Samantha, from Middlesbrough, visited her GP in January 2011 with a two-week history of abdominal pain and vomiting. Thereafter, Samantha attended numerous appointments with the same symptoms. By March 2012 her condition had deteriorated to the extent that she attended A&E. She complained of ovulation pain and vaginal discharge. An ultrasound scan was reported as normal, and no further investigations were undertaken.
Samantha’s condition was further complicated by two miscarriages, one in 2012 and another in 2013. In addition, her symptoms of abdominal pain and vaginal bleeding failed to resolve.
Between December 2012 and her eventual treatment in August 2017, Samantha experienced a wide range of symptoms. Those symptoms include nausea, headaches, abdominal pain, haematemesis, urinary frequency, aches and pains, low mood, anxiety, anger problems and episodes of self-harm. Samantha had continued to attend her GP during this time.
Eventually, in July 2017, Samantha’s symptoms were investigated, and she was diagnosed with hyperparathyroidism. She then underwent surgery in August 2017, following which her physical symptoms have gradually improved. However, Samantha has continued to struggle emotionally, despite attending counselling sessions.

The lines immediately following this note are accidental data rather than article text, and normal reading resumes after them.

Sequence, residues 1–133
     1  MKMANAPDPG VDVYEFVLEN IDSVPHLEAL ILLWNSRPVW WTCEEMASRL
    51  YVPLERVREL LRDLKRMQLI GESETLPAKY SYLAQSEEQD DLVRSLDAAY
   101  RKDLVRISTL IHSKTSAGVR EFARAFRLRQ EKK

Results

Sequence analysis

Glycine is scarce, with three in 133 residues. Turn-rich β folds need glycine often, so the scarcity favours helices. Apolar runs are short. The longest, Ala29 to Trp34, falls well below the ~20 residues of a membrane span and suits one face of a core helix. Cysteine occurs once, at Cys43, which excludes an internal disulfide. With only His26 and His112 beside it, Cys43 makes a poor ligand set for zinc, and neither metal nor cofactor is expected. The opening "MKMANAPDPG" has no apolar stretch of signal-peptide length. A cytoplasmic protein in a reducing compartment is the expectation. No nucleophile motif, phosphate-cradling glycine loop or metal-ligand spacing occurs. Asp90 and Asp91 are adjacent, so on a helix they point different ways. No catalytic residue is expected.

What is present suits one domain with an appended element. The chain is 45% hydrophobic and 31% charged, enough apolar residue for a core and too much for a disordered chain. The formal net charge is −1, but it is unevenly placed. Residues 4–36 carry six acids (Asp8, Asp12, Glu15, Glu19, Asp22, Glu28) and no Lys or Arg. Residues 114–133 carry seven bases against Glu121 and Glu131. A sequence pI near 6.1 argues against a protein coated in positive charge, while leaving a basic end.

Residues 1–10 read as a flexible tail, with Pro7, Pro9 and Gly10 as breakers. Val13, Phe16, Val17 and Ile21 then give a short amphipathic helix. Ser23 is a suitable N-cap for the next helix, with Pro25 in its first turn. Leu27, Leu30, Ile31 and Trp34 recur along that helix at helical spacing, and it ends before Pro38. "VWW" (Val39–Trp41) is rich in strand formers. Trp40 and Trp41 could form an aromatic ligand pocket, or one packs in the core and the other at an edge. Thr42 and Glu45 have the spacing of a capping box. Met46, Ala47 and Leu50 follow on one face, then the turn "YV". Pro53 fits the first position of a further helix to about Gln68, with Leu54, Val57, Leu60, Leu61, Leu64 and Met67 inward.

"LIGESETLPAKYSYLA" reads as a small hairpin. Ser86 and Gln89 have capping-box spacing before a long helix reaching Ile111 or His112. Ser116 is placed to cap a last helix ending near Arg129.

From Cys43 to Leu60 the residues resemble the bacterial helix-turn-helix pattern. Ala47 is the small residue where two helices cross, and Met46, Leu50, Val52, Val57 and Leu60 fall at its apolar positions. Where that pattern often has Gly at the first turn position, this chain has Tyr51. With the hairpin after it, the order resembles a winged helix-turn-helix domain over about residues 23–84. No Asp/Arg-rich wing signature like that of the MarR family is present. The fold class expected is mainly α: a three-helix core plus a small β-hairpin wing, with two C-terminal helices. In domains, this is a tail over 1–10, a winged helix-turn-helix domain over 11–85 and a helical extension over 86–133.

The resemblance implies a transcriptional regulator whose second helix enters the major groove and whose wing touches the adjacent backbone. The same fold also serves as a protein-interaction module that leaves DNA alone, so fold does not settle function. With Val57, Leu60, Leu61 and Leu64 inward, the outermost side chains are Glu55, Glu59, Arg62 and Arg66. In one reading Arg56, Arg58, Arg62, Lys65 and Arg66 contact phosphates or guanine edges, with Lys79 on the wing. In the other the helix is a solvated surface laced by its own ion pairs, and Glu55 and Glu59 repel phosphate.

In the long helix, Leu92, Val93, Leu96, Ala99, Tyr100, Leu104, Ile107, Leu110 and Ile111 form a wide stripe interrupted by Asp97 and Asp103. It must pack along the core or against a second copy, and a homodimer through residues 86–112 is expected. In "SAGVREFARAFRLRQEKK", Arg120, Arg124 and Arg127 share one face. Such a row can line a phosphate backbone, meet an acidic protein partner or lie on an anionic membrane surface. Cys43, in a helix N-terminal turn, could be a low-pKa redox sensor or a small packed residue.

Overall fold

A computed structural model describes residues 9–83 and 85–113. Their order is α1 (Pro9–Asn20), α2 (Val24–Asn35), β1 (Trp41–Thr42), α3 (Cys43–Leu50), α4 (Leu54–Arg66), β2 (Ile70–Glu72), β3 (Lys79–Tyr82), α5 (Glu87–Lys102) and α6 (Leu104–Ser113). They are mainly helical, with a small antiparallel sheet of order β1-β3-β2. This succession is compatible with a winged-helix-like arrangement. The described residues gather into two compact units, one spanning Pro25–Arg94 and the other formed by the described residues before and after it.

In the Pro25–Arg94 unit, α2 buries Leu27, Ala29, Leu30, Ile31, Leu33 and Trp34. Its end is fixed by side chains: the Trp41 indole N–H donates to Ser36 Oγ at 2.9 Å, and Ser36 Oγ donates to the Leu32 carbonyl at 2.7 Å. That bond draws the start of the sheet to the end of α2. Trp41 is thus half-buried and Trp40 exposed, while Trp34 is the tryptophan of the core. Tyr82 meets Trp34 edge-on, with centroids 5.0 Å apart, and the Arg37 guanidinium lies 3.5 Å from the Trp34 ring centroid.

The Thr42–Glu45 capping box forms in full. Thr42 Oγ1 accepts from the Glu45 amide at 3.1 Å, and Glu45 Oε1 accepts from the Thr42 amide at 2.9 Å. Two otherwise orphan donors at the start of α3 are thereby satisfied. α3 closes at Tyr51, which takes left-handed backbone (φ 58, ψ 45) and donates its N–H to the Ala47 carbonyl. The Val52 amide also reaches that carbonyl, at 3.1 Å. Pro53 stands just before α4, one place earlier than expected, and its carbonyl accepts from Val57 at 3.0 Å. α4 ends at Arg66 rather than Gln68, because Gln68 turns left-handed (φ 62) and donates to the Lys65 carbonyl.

Pryers Solicitors was assisted by a GP expert, A&E expert and endocrinology expert. It was alleged that at various stages Samantha’s GP was negligent for failing to further investigate her symptoms and failure to follow up on abnormal calcium levels.
The GP maintained a denial of liability throughout. However, it was revealed that they had received some abnormal calcium results and had been asked by the Trust to make a referral to endocrinology.
In the end, the defendant offered Samantha £40,000, which she accepted.